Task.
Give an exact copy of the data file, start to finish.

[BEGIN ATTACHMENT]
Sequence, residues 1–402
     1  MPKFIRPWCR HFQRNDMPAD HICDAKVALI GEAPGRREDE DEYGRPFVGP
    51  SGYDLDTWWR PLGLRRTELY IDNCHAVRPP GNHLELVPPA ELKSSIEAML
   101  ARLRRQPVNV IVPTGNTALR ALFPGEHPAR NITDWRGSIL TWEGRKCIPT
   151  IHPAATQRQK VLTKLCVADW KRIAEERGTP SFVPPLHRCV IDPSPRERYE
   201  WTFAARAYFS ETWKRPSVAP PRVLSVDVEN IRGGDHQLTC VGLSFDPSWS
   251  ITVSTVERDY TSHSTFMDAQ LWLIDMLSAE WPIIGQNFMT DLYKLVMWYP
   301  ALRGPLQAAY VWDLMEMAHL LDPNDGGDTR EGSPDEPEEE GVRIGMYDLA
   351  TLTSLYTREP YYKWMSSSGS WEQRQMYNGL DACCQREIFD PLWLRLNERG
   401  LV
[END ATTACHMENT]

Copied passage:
Sequence, residues 1–402
     1  MPKFIRPWCR HFQRNDMPAD HICDAKVALI GEAPGRREDE DEYGRPFVGP
    51  SGYDLDTWWR PLGLRRTELY IDNCHAVRPP GNHLELVPPA ELKSSIEAML
   101  ARLRRQPVNV IVPTGNTALR ALFPGEHPAR NITDWRGSIL TWEGRKCIPT
   151  IHPAATQRQK VLTKLCVADW KRIAEERGTP SFVPPLHRCV IDPSPRERYE
   201  WTFAARAYFS ETWKRPSVAP PRVLSVDVEN IRGGDHQLTC VGLSFDPSWS
   251  ITVSTVERDY TSHSTFMDAQ LWLIDMLSAE WPIIGQNFMT DLYKLVMWYP
   301  ALRGPLQAAY VWDLMEMAHL LDPNDGGDTR EGSPDEPEEE GVRIGMYDLA
   351  TLTSLYTREP YYKWMSSSGS WEQRQMYNGL DACCQREIFD PLWLRLNERG
   401  LV